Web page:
The Jewish Week is always here for you.
We need your support now.
Your contribution will help us bring you vital news
and frequent updates about the impact of COVID-19.
Health Briefs

Health Briefs

Clowns Help Fertility Treatment

Getting pregnant is a serious matter, but a little laughter doesn’t hurt, an Israeli study has found.

According to research conducted by Dr. Shevach Friedler, an infertility expert at the Assaf HaRofeh Medical Center in Tel Aviv, the pregnancy rate of women undergoing in vitro fertilization treatments nearly doubled — from 20 percent to 36 percent —when they were entertained by 15 minutes of clowns’ jokes and magic after the embryo transfer. The doctor, who is also a graduate of a mime and theater school, explained that the clowning reduces stress.

Friedler, whose findings were reported in the Fertility and Sterility journal, called laughter “one of the least hazardous interventions in our field. “Patients suffering from infertility undergoing IVF are exceptionally stressed.”

New Tool For Plastic Surgeons

Dr. Alex Bronstein of Tel Aviv University’s Department of Electrical Engineering has designed a three-dimensional “before and after”’ tool for plastic surgery that generates an anatomically more accurate post-surgery image of a patient than was previously possible. His research, published recently in the ACM Transactions on Graphics journal, will permit surgeons to avoid unexpected results and determine the most favorable outcome for patients.

His software, which combines aspects of art and science, was designed with the help of numerous pre- and post-surgery images fed into a computer to “teach” it to more accurately generate post-surgery images. “Our program is more like a virtual mirror. It gives surgeons and their patients a way to see a 3D before-and-after image as though the patient has really undergone the operation,” Bronstein said.

The software is now under commercial development. Bronstein predicted that similar tools will become even more accessible, affordable and powerful in the coming years as consumer 3D video cameras become more widespread.

New Protection Against Nerve Gas Developed

Scientists at the Weizmann Institute of Science in Israel have developed an enzyme that breaks down the deadly agents in nerve gas before damage to nerves and muscles is caused. According to research recently published in the journal Nature Chemical Biology, recent experiments performed in a U.S. military laboratory showed that injecting a relatively small amount of this enzyme into animals provides protection against certain types of nerve agents, for which current treatments show limited efficacy.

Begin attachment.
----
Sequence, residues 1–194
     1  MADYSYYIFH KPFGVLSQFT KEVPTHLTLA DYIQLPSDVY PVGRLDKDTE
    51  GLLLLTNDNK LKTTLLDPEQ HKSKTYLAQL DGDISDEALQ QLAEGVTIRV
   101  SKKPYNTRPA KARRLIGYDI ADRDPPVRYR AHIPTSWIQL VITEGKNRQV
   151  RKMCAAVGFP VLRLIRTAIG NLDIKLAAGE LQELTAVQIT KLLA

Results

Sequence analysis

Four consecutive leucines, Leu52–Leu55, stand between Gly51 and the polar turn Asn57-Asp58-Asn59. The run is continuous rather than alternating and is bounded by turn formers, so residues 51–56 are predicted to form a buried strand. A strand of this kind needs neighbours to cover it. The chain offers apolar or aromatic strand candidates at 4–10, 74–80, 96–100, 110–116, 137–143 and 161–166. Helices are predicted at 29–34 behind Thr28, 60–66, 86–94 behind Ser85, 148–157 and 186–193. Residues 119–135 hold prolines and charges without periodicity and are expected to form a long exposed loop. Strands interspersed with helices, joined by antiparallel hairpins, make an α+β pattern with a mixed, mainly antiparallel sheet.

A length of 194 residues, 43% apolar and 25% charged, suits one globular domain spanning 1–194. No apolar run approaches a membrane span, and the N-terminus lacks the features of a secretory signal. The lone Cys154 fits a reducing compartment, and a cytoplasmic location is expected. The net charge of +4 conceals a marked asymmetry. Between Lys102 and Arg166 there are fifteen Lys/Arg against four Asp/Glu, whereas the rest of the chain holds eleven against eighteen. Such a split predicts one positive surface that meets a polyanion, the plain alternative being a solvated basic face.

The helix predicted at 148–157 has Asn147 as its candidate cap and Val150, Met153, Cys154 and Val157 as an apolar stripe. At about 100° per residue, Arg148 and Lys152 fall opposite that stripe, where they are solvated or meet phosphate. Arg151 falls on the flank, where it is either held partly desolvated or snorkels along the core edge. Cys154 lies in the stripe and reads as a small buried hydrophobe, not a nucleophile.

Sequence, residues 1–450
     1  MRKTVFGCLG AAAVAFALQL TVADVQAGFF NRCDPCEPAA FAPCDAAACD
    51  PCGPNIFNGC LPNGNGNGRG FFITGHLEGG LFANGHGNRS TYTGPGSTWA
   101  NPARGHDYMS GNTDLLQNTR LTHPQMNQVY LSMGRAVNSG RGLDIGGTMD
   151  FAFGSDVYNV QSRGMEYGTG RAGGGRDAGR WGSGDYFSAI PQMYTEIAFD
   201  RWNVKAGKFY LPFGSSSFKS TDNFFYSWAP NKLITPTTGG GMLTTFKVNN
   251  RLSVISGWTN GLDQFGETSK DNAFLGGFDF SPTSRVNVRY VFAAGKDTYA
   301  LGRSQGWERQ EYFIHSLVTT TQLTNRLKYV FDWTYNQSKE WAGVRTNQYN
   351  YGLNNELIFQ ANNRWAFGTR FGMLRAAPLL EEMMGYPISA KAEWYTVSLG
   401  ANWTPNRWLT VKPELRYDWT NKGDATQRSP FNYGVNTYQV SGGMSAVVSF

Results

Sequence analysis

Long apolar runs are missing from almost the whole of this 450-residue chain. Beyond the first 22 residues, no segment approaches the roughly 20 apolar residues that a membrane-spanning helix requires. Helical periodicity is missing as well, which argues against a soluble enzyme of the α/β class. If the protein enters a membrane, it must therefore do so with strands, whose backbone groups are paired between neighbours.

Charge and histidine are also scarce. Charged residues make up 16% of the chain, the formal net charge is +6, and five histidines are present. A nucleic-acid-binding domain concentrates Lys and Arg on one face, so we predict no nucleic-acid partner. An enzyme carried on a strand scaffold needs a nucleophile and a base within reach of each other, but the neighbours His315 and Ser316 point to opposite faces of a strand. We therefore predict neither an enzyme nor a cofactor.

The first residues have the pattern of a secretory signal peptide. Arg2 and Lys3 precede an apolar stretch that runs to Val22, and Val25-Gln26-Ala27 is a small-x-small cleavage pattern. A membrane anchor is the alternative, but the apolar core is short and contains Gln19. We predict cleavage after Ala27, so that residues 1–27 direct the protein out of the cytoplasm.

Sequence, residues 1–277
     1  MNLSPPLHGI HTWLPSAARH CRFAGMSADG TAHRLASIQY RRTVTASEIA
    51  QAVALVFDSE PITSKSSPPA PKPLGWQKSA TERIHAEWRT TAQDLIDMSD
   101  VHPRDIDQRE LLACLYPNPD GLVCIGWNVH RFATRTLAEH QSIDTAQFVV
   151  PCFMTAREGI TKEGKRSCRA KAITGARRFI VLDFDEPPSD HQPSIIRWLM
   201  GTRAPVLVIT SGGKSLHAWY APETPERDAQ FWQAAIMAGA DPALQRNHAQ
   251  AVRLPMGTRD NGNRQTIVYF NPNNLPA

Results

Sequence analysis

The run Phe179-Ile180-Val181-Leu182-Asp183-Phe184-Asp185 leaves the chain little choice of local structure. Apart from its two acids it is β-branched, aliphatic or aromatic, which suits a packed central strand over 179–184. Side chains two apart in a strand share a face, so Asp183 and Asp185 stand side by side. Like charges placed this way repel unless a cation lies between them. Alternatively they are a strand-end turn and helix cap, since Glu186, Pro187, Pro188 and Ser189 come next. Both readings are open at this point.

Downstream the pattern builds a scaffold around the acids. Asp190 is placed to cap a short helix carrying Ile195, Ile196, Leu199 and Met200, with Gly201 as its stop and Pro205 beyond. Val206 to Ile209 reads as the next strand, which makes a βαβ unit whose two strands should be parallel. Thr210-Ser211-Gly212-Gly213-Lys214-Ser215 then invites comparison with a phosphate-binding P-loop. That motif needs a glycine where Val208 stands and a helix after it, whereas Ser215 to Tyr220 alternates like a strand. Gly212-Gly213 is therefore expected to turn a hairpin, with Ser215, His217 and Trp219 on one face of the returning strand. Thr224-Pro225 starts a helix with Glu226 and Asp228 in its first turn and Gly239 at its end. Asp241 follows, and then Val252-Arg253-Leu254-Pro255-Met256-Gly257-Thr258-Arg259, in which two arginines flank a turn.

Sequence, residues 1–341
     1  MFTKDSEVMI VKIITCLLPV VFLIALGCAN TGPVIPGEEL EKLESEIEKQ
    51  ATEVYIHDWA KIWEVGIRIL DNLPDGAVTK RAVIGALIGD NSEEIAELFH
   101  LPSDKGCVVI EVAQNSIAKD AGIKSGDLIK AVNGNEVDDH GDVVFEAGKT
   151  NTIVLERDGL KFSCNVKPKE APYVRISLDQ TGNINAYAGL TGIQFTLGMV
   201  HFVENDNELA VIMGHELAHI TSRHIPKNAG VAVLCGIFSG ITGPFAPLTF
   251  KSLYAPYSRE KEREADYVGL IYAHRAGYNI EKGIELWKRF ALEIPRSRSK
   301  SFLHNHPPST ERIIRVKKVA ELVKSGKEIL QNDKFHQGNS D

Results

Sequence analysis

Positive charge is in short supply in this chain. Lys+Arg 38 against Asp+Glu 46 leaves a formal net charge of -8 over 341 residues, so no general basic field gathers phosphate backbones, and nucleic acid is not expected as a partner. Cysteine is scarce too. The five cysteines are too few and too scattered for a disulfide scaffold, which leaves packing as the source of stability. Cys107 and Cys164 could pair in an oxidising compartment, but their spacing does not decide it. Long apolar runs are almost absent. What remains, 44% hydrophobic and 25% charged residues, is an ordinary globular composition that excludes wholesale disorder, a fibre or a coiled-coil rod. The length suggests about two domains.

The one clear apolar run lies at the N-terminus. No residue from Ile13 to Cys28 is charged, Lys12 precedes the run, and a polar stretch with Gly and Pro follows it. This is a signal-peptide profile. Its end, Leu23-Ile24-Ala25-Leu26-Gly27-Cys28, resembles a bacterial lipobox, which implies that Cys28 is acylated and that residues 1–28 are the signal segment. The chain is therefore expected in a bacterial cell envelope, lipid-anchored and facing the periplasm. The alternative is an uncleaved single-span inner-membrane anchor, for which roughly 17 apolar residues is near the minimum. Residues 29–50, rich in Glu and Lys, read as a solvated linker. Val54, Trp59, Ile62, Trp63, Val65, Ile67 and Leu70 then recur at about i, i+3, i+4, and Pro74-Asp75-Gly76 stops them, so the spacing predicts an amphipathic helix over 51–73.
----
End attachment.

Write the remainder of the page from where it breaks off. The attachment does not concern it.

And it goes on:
Nerve agents disrupt the chemical messages sent between nerve and muscle cells, causing loss of muscle control and ultimately leading to death by suffocation. Existing drugs are somewhat effective when exposed to small doses of the nerve agent, but do not provide protection against high-dose exposure and are not effective against all types of nerve agents.

A Weizmann team led by Prof. Dan Tawfik of the Department of Biological Chemistry developed a special method to artificially induce “natural selection” of enzymes in a test tube, enabling them to engineer “tailor-made” enzymes.

The scientists plan to expand their research to develop preventive treatment that provides protection against all types of existing nerve agents.

Robot Does Surgery
At Haifa Hospital

A 72-year-old Haifa resident with prostate cancer recently made history: as the first patient at the Rambam Health Care Campus to undergo a prostatectomy by means of a sophisticated $2.6 million da Vinci robot, and the first patient in Israel to be operated upon by the world’s leading surgeon in the removal of prostate tumors, Dr. David Samadi.

Samadi, considered the world’s leading expert in the removal of prostate tumors, used the robot that was acquired by Rambam, bringing Rambam into the company of world-class hospitals. Patients who undergo robot-assisted prostate surgery require a shorter length of stay in the hospital, and have an excellent chance of retaining sexual function.